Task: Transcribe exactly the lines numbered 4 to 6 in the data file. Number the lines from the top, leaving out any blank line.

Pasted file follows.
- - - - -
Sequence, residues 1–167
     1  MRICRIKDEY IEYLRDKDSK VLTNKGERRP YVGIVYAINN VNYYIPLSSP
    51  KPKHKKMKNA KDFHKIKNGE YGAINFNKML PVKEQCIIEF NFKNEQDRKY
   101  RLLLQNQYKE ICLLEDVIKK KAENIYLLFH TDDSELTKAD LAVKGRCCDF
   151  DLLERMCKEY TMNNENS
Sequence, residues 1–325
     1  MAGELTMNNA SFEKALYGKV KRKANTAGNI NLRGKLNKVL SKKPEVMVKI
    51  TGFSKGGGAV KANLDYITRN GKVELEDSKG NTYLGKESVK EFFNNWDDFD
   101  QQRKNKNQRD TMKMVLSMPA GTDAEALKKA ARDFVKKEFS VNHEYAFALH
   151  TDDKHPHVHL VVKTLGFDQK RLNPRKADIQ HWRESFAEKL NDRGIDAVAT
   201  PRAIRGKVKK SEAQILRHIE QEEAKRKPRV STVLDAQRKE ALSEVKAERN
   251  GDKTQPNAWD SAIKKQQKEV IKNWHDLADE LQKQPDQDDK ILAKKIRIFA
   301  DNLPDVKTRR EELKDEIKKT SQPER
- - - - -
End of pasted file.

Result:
   101  RLLLQNQYKE ICLLEDVIKK KAENIYLLFH TDDSELTKAD LAVKGRCCDF
   151  DLLERMCKEY TMNNENS
Sequence, residues 1–325